Eligible Technologies
For the purposes of the law, eligible renewables include electric generation facilities that became operational after January 1, 1995, and produce electricity from solar; wind; biomass (under certain conditions); hydroelectric (under certain conditions); wave, tidal or ocean-thermal energy; geothermal; or waste gas and waste heat. Solar-thermal installations can also count towards the goal with no limit, and their contribution is determined by assessing the amount of fossil fuel consumption they displace. HB 192 of 2010 added methane gas from an abandoned coal mine and methane gas from a coal degassing operation associated with a state-approved mine permit as eligible technologies. Additionally, HB 228 added municipal solid waste as an eligible technology. A third bill signed in 2010, SB 104, added compressed air energy storage as an eligible technology if the electricity used to compress the air was produced using a renewable energy resource, or if an equivalent number of RECs were purchased. Electricity may be produced within the state, or within the geographic boundary of the Western Electricity Coordinating Council. Notably, each kWh of electricity produced using solar energy counts as 2.4 kWh for the purposes of meeting the goal.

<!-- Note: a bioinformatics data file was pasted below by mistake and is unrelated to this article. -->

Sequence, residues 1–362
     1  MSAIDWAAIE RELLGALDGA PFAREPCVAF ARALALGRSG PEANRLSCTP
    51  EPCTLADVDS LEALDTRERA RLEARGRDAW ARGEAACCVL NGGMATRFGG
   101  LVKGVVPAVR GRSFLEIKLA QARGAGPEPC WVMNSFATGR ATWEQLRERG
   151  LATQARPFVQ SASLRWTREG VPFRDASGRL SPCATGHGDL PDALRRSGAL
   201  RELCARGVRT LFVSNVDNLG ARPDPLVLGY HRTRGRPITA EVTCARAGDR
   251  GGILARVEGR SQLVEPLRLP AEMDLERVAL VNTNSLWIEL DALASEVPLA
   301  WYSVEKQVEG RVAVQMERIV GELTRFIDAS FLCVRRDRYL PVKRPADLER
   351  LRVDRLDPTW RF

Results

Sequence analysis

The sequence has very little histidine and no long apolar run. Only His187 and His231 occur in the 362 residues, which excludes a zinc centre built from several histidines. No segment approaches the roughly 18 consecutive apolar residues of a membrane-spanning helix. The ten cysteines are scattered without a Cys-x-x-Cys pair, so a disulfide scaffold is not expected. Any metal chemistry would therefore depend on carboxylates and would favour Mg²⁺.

Contact:
  Jeffrey Barrett
Office of Energy Development
195 N 1950 West, 2nd Floor
PO Box 146100
Salt Lake City, UT 84116
Phone: (801) 536-0210
E-Mail: jhbarrett@utah.gov
Web Site: http://www.energy.utah.gov/